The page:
Reduction of our Fixed Costs through Business Restructuring and Redesign and Expansion of Low-Cost Country Sourcing

We have successfully developed, implemented and executed various restructuring and redesigning plans since our spin-off from Linde AG in December 2006. The focus of these measures has been on improving capacity utilization, optimizing our global production footprint and on shifting workforce to places with advantageous working conditions. During the time period from 2010 to 2012 we closed six plants in total. This consolidation of our plants in Europe has enabled us to reduce our fixed costs and has increased our capacity utilization levels in our European production facilities, which will result in higher economies of scale and increased production flexibility with beneficial effects on our profitability. Furthermore, we announced in February 2013 the sale of our container handling business in Merthyr Tydfil, United Kingdom to Konecranes. Furthermore, our expansion into growth markets like China, Brazil and India improved our global presence, due to increased localization, including research and development, trained employees for our key operations, lower labour costs and a reduction in shipment costs. We opened a new production plant in Indaiatuba, Brazil, in order to expand our locally produced portfolio of E-trucks and warehouse trucks to IC-trucks. In addition, we have upgraded our plant in Xiamen, China to full line production. We also further expanded our local product portfolio in India by opening a new plant in Pune, India, to increase our production capacity to meet future demand. Our expansion into growth markets has also increased our low-cost country (countries other than countries from the EU-15 area, EFTA, USA and Japan) sourcing share from approximately 22% in 2008 to 26.2% of our total purchasing volume in 2012. We plan to continue with our current purchasing strategy to integrate our strategic suppliers in the supply chain management, increasing volume flexibility and localization of components of production in growth countries. This local sourcing strategy has lowered our supplier concentration. Our top 10 suppliers only amount to only 18.6% of the total purchase volume.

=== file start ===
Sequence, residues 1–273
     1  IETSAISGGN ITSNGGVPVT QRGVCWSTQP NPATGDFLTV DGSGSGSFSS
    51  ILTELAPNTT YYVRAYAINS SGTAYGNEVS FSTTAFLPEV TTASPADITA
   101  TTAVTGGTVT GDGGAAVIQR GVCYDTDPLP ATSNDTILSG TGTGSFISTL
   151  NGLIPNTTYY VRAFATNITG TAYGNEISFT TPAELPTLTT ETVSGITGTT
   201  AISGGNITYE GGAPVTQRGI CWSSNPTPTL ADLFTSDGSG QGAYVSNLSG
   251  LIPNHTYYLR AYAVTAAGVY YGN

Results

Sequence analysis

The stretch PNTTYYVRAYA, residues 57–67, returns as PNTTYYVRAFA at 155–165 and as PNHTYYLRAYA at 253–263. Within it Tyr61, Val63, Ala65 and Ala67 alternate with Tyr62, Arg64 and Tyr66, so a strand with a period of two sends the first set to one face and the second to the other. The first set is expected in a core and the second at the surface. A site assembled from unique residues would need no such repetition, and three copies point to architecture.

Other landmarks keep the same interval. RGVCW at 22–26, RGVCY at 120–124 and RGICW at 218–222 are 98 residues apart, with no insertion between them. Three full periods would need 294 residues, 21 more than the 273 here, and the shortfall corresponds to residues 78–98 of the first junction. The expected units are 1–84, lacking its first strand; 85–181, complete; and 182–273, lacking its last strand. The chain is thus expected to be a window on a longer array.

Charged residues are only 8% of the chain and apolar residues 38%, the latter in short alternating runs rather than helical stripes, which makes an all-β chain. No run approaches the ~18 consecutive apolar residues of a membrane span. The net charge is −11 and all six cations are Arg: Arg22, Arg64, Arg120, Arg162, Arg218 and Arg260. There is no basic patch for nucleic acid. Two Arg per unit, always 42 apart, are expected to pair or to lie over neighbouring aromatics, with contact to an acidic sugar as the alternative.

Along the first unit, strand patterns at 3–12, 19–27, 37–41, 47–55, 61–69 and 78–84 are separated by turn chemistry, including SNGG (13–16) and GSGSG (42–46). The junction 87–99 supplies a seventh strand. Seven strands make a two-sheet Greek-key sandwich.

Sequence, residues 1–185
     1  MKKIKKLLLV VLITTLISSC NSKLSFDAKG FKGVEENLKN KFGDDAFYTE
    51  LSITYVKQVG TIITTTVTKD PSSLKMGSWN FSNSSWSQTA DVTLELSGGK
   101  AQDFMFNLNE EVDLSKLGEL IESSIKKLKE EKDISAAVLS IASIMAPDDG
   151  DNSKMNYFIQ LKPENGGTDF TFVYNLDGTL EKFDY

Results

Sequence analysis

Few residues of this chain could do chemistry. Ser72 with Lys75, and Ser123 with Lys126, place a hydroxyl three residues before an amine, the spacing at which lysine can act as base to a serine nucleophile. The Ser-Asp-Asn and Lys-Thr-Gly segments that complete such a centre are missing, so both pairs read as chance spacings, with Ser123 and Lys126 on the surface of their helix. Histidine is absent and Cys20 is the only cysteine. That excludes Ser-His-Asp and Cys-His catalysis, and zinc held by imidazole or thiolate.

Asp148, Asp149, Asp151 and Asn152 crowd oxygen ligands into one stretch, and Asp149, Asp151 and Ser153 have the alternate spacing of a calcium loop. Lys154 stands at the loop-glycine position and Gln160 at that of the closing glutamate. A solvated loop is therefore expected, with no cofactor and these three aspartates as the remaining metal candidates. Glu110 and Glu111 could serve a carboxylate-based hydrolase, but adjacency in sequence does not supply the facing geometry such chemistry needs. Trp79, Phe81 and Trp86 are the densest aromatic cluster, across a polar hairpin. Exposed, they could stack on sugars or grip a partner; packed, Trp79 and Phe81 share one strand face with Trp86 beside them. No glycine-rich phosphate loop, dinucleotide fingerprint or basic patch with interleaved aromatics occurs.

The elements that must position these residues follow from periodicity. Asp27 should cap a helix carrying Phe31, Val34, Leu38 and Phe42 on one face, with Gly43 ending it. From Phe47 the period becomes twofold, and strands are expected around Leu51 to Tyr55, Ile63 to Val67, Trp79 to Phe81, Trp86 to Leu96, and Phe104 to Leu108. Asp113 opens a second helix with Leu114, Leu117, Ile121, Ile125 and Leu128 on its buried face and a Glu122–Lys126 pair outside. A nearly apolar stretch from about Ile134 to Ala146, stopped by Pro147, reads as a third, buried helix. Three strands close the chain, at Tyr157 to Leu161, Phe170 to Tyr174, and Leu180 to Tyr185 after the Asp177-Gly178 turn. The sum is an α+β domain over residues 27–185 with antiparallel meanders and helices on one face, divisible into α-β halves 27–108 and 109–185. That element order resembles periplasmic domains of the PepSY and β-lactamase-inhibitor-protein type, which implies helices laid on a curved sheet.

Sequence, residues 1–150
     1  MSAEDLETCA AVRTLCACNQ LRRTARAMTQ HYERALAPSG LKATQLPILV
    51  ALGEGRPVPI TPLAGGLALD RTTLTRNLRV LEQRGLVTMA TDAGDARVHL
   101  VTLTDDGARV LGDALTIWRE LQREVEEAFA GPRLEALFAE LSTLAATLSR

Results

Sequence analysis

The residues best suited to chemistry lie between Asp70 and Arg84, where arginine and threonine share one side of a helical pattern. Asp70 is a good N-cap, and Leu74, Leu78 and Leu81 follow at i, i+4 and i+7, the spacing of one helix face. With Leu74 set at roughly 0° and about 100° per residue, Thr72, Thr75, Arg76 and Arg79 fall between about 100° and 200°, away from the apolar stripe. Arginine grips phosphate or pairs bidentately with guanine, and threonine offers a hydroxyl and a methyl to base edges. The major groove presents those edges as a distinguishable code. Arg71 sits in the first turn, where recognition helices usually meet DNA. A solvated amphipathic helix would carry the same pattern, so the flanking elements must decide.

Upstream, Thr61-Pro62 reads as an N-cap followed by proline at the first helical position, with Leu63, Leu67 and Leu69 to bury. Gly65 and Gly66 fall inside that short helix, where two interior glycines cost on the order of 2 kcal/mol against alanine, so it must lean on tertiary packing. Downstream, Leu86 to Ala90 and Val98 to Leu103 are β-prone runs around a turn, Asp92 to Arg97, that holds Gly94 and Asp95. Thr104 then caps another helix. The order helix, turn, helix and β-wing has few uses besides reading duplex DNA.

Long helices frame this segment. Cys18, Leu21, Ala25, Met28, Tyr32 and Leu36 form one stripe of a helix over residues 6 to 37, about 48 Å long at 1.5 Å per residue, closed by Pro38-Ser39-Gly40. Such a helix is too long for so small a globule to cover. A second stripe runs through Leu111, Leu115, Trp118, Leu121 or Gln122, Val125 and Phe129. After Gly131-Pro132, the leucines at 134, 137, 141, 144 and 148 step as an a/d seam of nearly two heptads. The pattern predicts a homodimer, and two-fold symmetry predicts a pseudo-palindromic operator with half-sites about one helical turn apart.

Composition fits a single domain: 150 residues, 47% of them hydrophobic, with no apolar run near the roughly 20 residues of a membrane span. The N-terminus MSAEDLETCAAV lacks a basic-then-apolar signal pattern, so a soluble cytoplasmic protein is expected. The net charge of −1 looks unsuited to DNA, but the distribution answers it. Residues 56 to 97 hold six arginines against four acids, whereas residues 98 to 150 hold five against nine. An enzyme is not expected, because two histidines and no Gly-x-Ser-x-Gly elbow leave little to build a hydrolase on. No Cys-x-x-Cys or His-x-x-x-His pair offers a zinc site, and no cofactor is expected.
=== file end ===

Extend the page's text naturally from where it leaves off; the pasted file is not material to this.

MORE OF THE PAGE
EBIT Margin Improvement Driven by Cost Structure Optimization and Premium Pricing